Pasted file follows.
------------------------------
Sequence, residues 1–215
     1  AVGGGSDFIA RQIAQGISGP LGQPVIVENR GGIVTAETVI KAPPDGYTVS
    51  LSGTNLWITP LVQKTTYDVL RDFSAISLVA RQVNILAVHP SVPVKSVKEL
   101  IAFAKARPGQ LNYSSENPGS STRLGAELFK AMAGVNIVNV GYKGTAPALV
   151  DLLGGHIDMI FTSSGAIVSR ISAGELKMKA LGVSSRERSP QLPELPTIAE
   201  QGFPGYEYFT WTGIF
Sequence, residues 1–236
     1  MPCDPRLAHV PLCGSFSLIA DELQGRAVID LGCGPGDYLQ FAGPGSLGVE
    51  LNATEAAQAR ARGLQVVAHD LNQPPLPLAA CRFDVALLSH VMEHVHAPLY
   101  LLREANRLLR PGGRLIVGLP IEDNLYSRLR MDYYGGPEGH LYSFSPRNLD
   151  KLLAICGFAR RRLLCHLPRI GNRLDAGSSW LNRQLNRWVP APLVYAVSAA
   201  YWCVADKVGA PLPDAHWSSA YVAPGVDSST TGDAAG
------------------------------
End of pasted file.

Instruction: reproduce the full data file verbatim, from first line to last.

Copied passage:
Sequence, residues 1–215
     1  AVGGGSDFIA RQIAQGISGP LGQPVIVENR GGIVTAETVI KAPPDGYTVS
    51  LSGTNLWITP LVQKTTYDVL RDFSAISLVA RQVNILAVHP SVPVKSVKEL
   101  IAFAKARPGQ LNYSSENPGS STRLGAELFK AMAGVNIVNV GYKGTAPALV
   151  DLLGGHIDMI FTSSGAIVSR ISAGELKMKA LGVSSRERSP QLPELPTIAE
   201  QGFPGYEYFT WTGIF
Sequence, residues 1–236
     1  MPCDPRLAHV PLCGSFSLIA DELQGRAVID LGCGPGDYLQ FAGPGSLGVE
    51  LNATEAAQAR ARGLQVVAHD LNQPPLPLAA CRFDVALLSH VMEHVHAPLY
   101  LLREANRLLR PGGRLIVGLP IEDNLYSRLR MDYYGGPEGH LYSFSPRNLD
   151  KLLAICGFAR RRLLCHLPRI GNRLDAGSSW LNRQLNRWVP APLVYAVSAA
   201  YWCVADKVGA PLPDAHWSSA YVAPGVDSST TGDAAG